Good Friday Math

Is it possible for Good Friday to fall on the 13th?

Source: http://mathforum.org/library/drmath/view/52364.html
From: Susan Melanson
Subject: Good Friday on the Thirteenth

How many times has Good Friday fallen on the 13th? I have looked at
your formulas and don’t seem to find one that fits this question,
since Good Friday doesn’t fall on the same date each year. I’ve looked
at some other sources as well, to no avail.

Thanks for your help on this,
Susan Melanson

Check out the above website for the answer! It turns out that Good Friday will fall on the 13th approximately once in 29 years.

Wishing all Christians a blessed Good Friday.


Also check out this Wikipedia page on how to calculate the date of Easter (http://en.wikipedia.org/wiki/Date_of_Easter)

The calculation of the date of Easter is called Computus. It turns out calculating the date of Easter is quite complicated. Even the great Mathematician Gauss made a mistake (see http://en.wikipedia.org/wiki/Date_of_Easter#Gauss_algorithm).

In 1800, the mathematician Carl Friedrich Gauss presented this algorithm for calculating the date of the Julian or Gregorian Easter[38][39] and made corrections to one of the steps in 1816.[40] In 1800 he incorrectly stated p = floor (k/3). In 1807 he replaced the condition (11M + 11) mod 30 < 19 with the simpler a > 10. In 1811 he limited his algorithm to the 18th and 19th centuries only, and stated that 26 April is always replaced with 19 April and 25 April by 18 April. In 1816 he thanked his student Peter Paul Tittel for pointing out that p was wrong in 1800.[41]

Carl Friedrich Gauss

Source: http://en.wikipedia.org/wiki/Carl_Friedrich_Gauss

Johann Carl Friedrich Gauss (/ɡs/; German: Gauß, pronounced [ɡaʊs] ( listen); Latin: Carolus Fridericus Gauss) (30 April 1777 – 23 February 1855) was a German mathematician and physical scientist who contributed significantly to many fields, including number theory, algebra, statistics, analysis, differential geometry, geodesy, geophysics, electrostatics, astronomy and optics.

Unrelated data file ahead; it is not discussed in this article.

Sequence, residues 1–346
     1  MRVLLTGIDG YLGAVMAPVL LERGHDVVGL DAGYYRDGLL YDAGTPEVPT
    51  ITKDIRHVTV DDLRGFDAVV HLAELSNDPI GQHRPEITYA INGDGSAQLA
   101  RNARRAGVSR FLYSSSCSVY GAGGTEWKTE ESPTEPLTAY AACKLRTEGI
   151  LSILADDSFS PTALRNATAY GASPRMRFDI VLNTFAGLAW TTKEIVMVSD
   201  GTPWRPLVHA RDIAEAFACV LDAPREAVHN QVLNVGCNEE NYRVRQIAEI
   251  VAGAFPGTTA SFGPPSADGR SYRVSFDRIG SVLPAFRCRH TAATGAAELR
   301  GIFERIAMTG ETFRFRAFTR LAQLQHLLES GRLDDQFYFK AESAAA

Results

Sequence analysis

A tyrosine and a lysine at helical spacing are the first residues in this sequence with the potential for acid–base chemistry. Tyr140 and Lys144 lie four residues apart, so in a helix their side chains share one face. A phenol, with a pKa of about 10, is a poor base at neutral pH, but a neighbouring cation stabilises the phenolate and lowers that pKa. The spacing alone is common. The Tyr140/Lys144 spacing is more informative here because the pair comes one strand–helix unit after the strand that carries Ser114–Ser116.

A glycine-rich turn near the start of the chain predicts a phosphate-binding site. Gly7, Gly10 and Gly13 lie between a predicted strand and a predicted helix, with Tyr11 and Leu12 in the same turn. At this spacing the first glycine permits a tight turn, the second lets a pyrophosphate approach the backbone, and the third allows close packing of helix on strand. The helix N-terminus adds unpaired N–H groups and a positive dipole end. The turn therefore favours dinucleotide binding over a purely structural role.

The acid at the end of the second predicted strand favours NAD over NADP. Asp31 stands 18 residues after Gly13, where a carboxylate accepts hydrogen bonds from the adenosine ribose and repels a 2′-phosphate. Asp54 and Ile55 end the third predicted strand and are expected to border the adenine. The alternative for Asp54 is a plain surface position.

Sometimes referred to as the Princeps mathematicorum[1] (Latin, “the Prince of Mathematicians” or “the foremost of mathematicians”) and “greatest mathematician since antiquity“, Gauss had a remarkable influence in many fields of mathematics and science and is ranked as one of history’s most influential mathematicians.[2]

Carl Friedrich Gauss.jpg

Continue reading at http://en.wikipedia.org/wiki/Carl_Friedrich_Gauss

Gotthold Eisenstein (Mathematician)

Gotthold Eisenstein (Mathematician)

*Not Einstein!

Ferdinand Gotthold Max Eisenstein (16 April 1823 – 11 October 1852) was a German mathematician. He specialized in number theory and analysis, and proved several results that eluded even Gauss. Like Galois and Abel before him, Eisenstein died before the age of 30. He was born and died in Berlin, Prussia.

Gauss … in conversation once remarked that, there had been only three epoch-making mathematicians: Archimedes, Newton, and Eisenstein.

Source: http://en.wikipedia.org/wiki/Gotthold_Eisenstein

Gotthold Eisenstein.jpeg